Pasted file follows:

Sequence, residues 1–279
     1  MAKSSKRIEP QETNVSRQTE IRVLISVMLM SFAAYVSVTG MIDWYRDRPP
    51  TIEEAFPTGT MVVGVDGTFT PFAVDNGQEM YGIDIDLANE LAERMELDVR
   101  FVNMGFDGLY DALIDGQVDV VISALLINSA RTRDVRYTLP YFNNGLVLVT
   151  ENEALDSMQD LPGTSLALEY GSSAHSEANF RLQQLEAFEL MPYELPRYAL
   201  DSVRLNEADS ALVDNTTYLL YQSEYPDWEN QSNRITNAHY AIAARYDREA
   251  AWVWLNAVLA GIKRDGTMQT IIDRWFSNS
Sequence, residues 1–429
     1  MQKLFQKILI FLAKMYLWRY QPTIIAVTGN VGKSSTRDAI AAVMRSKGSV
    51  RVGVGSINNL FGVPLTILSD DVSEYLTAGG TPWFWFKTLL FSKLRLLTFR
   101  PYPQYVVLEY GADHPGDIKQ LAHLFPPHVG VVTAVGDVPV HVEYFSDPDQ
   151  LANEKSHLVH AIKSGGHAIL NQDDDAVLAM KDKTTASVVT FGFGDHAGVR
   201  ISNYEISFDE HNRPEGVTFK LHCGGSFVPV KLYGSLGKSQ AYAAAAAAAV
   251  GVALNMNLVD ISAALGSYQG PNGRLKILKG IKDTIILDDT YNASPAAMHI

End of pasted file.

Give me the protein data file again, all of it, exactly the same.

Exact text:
Sequence, residues 1–279
     1  MAKSSKRIEP QETNVSRQTE IRVLISVMLM SFAAYVSVTG MIDWYRDRPP
    51  TIEEAFPTGT MVVGVDGTFT PFAVDNGQEM YGIDIDLANE LAERMELDVR
   101  FVNMGFDGLY DALIDGQVDV VISALLINSA RTRDVRYTLP YFNNGLVLVT
   151  ENEALDSMQD LPGTSLALEY GSSAHSEANF RLQQLEAFEL MPYELPRYAL
   201  DSVRLNEADS ALVDNTTYLL YQSEYPDWEN QSNRITNAHY AIAARYDREA
   251  AWVWLNAVLA GIKRDGTMQT IIDRWFSNS
Sequence, residues 1–429
     1  MQKLFQKILI FLAKMYLWRY QPTIIAVTGN VGKSSTRDAI AAVMRSKGSV
    51  RVGVGSINNL FGVPLTILSD DVSEYLTAGG TPWFWFKTLL FSKLRLLTFR
   101  PYPQYVVLEY GADHPGDIKQ LAHLFPPHVG VVTAVGDVPV HVEYFSDPDQ
   151  LANEKSHLVH AIKSGGHAIL NQDDDAVLAM KDKTTASVVT FGFGDHAGVR
   201  ISNYEISFDE HNRPEGVTFK LHCGGSFVPV KLYGSLGKSQ AYAAAAAAAV
   251  GVALNMNLVD ISAALGSYQG PNGRLKILKG IKDTIILDDT YNASPAAMHI